While the Met's announcement says that "this installation complements" the Tut blockbuster that'll be on display 48 blocks to the south, representatives of  the museum and the touring exhibition said Friday that only the timing connects them. Perhaps not coincidentally, the Brooklyn Museum has a current ancient Egyptian exhibition on display, "To Live Forever: Art and the Afterlife in Ancient Egypt," that's drawn from its own collection.

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Pasadena Symphony makes the discount offer of the year, so to speak

February 10, 2010 |  4:58 pm

JorgeMesterRingoH.W.Chiu
When the going gets tough in the economy and in the arts, the tough may get gimmicky.

The latest proposition from the Pasadena Symphony is the today-only offer of $20.10 concert tickets for any or all of its three upcoming concerts at the Pasadena Civic Auditorium: Mozart’s "Requiem" (plus Berlioz) on March 20, Dvorak, Rodrigo, Bartok and Mendelssohn on April 10, and all-Beethoven, May 15.

To Culture Monster’s mind, the $1.49 per ticket service fee somewhat compromises the effect – we hope 2159 will be a fine and non-recessionary year, but who among us will ever know, barring healthcare reform beyond anyone’s wildest dreams?

In any case, it’s a chance to take in the tempos of the greats at a price geared to the temper of the times. The offer, by the way, began at 6:00 a.m. Wednesday (02.10.2010) and is good until 2:10 a.m. Thursday for online orders  — a span of 20 hours and 10 minutes.

-- Mike Boehm

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Photo: Jorge Mester conducts the Pasadena Symphony. Credit:Ringo H.W. Chiu / Los Angeles Times

Laserium show hopes to rock on despite dashed comeback attempt in Hollywood

January 20, 2010 |  4:00 pm

Laserium After nearly 40 years, Ivan Dryer says he hasn’t soured on bouncing brilliant light beams to a big rock beat, even though his most recent Laserium venture didn’t exactly shine on like the crazy diamond in the Pink Floyd song that has formed a backdrop to many a laser-rock display.

Dryer, the founder and chief executive of Laser Images, Inc., the company that put on laser shows at Griffith Observatory from 1973 to 2002, says a combination of bad luck and business miscalculations forced him to turn off the lights just five months into a comeback bid that began last summer at the Vine Theatre in Hollywood.

But he said today that he’s still in the hunt for a new venue, possibly a different theater in Hollywood, or maybe by working out a deal with the Fleet Science Center in San Diego. The science center has the ideal domed-theater configuration that was lost when the Griffith Observatory underwent renovations from 2002 to 2006, then reopened with a science-only mandate for its planetarium.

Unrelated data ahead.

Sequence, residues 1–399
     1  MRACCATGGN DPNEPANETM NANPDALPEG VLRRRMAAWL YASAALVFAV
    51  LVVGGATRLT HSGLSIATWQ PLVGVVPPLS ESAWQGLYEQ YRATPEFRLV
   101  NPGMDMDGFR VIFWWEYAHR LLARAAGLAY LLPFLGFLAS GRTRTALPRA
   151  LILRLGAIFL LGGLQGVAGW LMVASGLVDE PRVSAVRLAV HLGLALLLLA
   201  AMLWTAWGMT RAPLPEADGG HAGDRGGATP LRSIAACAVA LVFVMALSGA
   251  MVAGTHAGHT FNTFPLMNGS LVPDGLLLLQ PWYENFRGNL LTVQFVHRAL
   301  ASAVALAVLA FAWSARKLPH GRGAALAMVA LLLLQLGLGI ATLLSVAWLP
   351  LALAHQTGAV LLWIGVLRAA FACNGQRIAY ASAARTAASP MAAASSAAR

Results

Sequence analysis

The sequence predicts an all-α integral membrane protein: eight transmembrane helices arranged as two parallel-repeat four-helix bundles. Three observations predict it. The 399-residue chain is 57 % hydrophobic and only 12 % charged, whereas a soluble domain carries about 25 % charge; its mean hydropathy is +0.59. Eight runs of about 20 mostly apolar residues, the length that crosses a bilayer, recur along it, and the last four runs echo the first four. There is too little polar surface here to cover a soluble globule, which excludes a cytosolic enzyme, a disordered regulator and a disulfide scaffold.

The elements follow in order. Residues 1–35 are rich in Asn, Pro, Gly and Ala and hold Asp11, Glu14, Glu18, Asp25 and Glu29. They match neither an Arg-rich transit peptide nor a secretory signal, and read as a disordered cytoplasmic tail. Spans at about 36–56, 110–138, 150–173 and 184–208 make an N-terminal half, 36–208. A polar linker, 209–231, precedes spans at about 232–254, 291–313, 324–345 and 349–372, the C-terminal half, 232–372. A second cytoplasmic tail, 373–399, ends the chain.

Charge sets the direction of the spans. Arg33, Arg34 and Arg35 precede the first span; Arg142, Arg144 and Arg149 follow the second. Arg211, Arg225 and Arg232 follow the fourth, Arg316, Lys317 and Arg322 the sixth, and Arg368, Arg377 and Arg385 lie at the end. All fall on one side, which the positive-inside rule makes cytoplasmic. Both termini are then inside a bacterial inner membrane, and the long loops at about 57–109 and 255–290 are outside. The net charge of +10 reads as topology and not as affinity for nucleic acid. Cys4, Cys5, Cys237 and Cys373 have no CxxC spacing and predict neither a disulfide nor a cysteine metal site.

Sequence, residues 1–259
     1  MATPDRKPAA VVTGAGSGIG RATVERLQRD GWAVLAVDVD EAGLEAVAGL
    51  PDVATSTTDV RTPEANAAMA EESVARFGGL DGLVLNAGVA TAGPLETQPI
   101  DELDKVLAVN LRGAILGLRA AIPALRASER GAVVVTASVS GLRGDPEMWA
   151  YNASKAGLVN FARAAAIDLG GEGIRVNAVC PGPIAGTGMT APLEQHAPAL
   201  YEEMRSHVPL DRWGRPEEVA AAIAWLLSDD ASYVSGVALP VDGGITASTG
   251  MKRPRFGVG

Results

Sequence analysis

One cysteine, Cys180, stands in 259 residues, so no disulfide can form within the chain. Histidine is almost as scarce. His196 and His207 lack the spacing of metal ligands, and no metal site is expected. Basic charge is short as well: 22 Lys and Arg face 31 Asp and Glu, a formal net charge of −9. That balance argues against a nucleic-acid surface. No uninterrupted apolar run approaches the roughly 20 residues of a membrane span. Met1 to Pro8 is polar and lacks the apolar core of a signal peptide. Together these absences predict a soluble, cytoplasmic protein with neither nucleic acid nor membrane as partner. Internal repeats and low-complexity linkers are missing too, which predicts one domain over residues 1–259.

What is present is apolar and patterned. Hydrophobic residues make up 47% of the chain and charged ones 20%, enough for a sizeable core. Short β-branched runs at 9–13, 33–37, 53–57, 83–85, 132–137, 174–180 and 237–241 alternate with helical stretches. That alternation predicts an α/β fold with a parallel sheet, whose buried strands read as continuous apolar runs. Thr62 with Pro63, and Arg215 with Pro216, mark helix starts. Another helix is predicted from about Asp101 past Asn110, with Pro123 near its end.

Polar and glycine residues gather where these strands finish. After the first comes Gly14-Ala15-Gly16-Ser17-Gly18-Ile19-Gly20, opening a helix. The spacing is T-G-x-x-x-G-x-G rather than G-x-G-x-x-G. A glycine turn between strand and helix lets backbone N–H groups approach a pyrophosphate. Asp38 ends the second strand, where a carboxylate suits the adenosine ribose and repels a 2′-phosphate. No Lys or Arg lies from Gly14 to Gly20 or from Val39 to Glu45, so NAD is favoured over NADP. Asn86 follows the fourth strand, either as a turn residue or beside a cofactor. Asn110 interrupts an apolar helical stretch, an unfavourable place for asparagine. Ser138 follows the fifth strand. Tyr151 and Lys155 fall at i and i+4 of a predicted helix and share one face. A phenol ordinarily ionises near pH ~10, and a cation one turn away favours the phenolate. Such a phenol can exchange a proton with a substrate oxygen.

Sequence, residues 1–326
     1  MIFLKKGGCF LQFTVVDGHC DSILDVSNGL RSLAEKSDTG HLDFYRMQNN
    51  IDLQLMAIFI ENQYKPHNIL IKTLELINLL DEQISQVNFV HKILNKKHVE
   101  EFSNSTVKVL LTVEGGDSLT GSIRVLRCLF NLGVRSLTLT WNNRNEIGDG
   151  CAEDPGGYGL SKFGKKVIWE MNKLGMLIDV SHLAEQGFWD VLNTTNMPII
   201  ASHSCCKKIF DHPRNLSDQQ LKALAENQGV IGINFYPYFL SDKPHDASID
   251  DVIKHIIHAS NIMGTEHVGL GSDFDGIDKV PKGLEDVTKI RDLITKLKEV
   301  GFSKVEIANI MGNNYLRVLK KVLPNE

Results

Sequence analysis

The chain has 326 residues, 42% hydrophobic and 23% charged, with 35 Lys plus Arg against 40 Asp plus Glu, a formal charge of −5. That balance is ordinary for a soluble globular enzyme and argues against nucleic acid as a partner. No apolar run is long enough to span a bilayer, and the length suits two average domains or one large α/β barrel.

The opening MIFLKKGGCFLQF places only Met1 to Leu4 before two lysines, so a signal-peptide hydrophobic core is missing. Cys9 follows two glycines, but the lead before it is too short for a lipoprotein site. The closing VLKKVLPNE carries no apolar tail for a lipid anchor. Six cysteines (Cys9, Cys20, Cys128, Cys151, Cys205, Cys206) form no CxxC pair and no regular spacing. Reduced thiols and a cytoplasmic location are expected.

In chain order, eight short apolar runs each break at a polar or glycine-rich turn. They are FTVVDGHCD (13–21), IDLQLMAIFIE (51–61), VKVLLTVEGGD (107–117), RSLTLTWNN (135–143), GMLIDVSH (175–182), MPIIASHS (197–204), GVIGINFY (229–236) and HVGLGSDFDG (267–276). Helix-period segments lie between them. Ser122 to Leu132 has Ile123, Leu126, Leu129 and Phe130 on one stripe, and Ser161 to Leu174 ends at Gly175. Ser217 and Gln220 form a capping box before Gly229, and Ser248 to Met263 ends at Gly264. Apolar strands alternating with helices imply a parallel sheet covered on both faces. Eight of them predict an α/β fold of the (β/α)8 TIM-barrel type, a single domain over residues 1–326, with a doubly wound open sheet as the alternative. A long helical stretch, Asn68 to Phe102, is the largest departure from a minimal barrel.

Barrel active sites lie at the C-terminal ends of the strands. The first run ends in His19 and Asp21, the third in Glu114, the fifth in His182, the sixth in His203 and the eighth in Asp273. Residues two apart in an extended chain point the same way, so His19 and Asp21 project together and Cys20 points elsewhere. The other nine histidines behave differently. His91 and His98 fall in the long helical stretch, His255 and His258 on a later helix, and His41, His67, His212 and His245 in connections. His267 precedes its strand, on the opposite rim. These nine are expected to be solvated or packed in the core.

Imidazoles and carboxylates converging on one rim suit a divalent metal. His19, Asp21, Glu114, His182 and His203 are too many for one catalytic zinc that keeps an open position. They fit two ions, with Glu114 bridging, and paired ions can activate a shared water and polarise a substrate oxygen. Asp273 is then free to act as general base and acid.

It was a bad omen  — and bad for business — that Laserium’s Hollywood reincarnation began the same day, June 25, that the world learned of Michael Jackson’s death.

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NEA survey shows that the arts have it bad, but sports and movies have it worse

December 18, 2009 |  3:16 pm

Football If misery loves company, then arts folk dismayed by a recent NEA survey showing audiences dwindling in almost every genre needn’t feel quite so bad.

Delve more deeply into the study of Americans 18 and older, and you find that moviegoing and sports attendance have fared much worse than the arts.

Culled from questioning that the U.S. Census Bureau conducted for the NEA in May 2008 (before the financial meltdown), the results show that the share of the adult public attending at least one museum exhibition, play, jazz performance, classical concert, opera or dance event fell 4.4% from 1982 to 2008.

The comparable figure for the movies was a decline of nearly 10%, and for sporting events a loss of 17%.

“I don’t know if misery loves company, but it’s comforting to know it’s not just you,” says Andrew Taylor, director of the Bolz Center for Arts Administration at the University of Wisconsin-Madison.

Experts say that when it comes to getting people to go out and buy a ticket, a rising tide of unprecedented competition from technologically driven home entertainment alternatives is helping to sink all boats. But the arts don't have the financial backstop film studios and sports leagues get when they reap huge sums from the sale of broadcast rights and home video. And don't even ask what the bleak survey results on arts education portend for the future.

For the full story, click here.

-- Mike Boehm 

Related

NEA report shows declining attendance in arts events nationwide

Photo: The stands at Qualcomm Stadium during a 1997 San Diego Chargers football game. Credit: Los Angeles Times.